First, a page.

Published On: Wed, Oct 12th, 2011

Dry weather, wind combine for nasty fires

HARTINGTON — Dry weather, warm conditions, high winds  and unharvested crops combined for a dangerous situation last week.
Firemen from two states responded to a large field fire Oct. 5 in northwestern Cedar County that burned 960 acres.
Fire departments from Crofton, Bloomfield, Fordyce, Hartington, Wausa and Wynot in northeast Nebraska, as well as Yankton, Gayville, Lesterville, Tabor and Volin in South Dakota, along with area farmers with plows helped stop the fire.

Two of the Yankton firefighters received medical attention after a fire line turned and started towards them – they were later reported to be in good condition.
The blaze charred an area one mile long by 1.5 miles wide.
As the blaze moved under an irrigation system during the fire’s early stages the system was activated but it did little to stop the flames.
Firemen attempted to stop the fire on a gravel road but the gusts of wind were strong and the fire was moving fast.
The fire originated six miles southwest of Yankton near a farm at about 2:30 p.m., and spread quickly.
Rod and Ruth Goeden’s house was threatened by the rapidly moving fire.
Ruth was at home at the time but had been unaware of the fire. The kids were at school.
“My husband called me and told me and then a few minutes later my brother-in-law was pounding on my door,” Ruth said.
Ruth immediately left her home
The Goeden house was vacated at 3:15 p.m., and family members did not go back home until close to 7 p.m.
Their home did not receive any damage from the fire.
“We were glad to see the rain,” Ruth said after the rains came on Friday evening.
The fire spread into Lawrence and Mary Ann Zavadil’s pasture, which is at least a mile east of their home.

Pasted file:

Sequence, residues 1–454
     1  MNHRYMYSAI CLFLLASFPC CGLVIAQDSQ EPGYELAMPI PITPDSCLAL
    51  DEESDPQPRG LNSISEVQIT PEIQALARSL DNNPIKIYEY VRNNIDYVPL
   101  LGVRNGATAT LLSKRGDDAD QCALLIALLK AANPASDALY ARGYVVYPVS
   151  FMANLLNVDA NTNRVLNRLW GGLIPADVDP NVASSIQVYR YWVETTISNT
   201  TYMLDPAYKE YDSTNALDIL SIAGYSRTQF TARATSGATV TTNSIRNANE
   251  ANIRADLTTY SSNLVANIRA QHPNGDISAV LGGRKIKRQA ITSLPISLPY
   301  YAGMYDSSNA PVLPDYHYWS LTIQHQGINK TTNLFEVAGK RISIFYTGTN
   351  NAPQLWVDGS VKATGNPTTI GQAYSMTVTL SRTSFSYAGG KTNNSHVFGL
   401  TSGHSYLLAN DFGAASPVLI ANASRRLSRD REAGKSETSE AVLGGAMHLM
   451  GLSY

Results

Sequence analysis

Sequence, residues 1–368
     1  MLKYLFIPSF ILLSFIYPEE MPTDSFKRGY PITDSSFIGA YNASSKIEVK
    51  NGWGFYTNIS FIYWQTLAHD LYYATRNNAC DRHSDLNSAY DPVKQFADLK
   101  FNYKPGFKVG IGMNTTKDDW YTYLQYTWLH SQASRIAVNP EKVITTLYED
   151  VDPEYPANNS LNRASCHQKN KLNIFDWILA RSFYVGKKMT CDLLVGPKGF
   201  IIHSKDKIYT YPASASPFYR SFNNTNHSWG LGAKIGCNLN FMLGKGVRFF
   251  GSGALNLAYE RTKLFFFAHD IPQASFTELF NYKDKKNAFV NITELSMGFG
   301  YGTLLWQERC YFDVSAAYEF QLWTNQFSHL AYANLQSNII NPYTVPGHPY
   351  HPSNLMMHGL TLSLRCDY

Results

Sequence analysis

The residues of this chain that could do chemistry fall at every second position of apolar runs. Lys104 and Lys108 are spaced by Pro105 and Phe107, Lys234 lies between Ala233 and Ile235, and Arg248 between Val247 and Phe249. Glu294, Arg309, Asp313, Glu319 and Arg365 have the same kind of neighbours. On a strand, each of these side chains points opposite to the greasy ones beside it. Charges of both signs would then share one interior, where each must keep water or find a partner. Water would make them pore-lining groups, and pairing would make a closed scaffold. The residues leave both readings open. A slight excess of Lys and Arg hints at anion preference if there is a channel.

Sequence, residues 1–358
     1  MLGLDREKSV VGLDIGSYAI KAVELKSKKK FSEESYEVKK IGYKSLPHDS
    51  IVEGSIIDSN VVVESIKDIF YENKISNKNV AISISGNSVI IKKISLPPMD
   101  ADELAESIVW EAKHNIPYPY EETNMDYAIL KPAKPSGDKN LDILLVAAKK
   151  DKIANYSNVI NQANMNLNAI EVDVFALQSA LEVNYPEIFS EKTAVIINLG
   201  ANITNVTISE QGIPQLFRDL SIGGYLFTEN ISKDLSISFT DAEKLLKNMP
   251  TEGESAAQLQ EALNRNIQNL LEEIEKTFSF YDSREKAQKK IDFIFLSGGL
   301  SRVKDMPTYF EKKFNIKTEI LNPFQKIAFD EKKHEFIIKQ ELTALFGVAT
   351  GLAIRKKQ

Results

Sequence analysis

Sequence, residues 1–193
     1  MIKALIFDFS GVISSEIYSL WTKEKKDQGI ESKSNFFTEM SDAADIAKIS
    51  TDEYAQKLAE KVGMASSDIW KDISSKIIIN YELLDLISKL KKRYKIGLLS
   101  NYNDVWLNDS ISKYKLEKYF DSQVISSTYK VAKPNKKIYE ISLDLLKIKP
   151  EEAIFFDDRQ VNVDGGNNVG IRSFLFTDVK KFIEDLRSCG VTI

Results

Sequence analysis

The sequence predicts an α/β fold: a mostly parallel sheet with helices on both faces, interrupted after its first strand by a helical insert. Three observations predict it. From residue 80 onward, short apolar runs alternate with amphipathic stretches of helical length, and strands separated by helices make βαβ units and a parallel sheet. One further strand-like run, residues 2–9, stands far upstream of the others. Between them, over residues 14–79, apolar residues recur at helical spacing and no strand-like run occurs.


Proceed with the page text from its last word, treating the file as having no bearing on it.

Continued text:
“We could see a lot of smoke. We watched it – we could see it as it jumped the road,” Ruth said. “The Cedar trees burned fast.”
The Zavadils were impressed with the response to the fire.
“Crofton has a well-trained fire department. It was good to have the cooperation of so many other fire departments,” Ruth said. “It was so windy and they did a fantastic job.”
The fire burned three to four acres of their pasture.
By nightfall most of the fire fighters left the area although the Crofton crews stayed on the scene longer to make sure the blaze remained extinguished. The Crofton crew was called back to the area several times for smoldering fires.
The Randolph Fire Dept responded to two fires the evening of Oct. 6.
The first call came in around 6:30 p.m. for afire in a field one mile east of Randolph.
A combine had started the fire, according to Fire Chief Paul Leiting.
“The irrigation system on the property was turned on, which helped extinguish the fire and prevent any damage being done to the system,” Leiting said.
Firemen were called to the second fire three miles west of town around 11:30 p.m. the same evening.
A fire that had been in a burn hole had started a field on fire.
“No crops were damaged by either fire. The crops had already been harvested,” Leiting said.
On the same day, a fire was also reported burning in a field east of the Newcastle-Vermillion bridge in Dixon County.
Several fires were called in to the Cedar County Dispatch Center earlier in the week.

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